"Pauline is not the Lex Luthor behind all of this," said her
                attorney, Laurence Turbow. "She did go along with the
                program. What you have to wonder is how the doctors
                could have recommended these people? The way they did
                is because a lot of these people really are sick."

                Federal authorities disagree. They allege the felons were
                mentally sharp enough to know exactly what the doctors
                needed to see and hear.

[Dr. Baughman:
I am of the opinion that physicians, somewhere along the
trail of this protracted scam, should have been the first to recognize
it for what it was and blow the whistle. Given the large number of
‘patients’, substantial numbers of physicians would have had to render
judgments on their disabilities. The scam could not have gone on
without psychiatrists and perhaps other kinds of physicians as well,
having missed the true diagnoses: no evidence of disease; scam; fraud.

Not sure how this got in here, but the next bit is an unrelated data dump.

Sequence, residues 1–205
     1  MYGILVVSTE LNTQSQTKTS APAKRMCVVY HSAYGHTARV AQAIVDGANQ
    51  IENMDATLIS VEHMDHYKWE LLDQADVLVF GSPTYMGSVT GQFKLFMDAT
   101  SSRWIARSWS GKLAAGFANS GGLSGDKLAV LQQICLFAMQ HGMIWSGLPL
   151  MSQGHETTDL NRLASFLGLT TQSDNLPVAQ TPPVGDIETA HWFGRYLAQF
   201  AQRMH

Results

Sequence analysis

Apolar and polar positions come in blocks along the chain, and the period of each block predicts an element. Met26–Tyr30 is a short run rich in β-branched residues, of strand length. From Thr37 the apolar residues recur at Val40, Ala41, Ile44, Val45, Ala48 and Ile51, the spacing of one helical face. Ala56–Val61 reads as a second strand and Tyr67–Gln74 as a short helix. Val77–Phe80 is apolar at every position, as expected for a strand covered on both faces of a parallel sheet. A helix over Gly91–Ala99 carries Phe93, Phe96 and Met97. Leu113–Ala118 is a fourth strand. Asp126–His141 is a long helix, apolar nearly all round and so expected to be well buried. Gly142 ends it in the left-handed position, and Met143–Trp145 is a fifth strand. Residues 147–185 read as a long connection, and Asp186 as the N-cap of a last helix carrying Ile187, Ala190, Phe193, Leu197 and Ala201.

For instance, Mary Miller told officials that her 5-year-old
                son was in diapers because he hadn’t developed properly.

                She said she suffered from high anxiety and depression,
                and she was also caring for a friend with a terrible nervous
                disorder. She received $30,000.

                She was sentenced to probation.

                "In a lot of ways, these people are better off than you or
                me," said Mulligan, the postal inspector. "They might not
                have the education, but they are very street-wise. They can
                really run scams."


                Phone: (216) 999-4128

                ©2000 THE PLAIN DEALER. Used with permission.

Leave a Reply

  • (will not be published)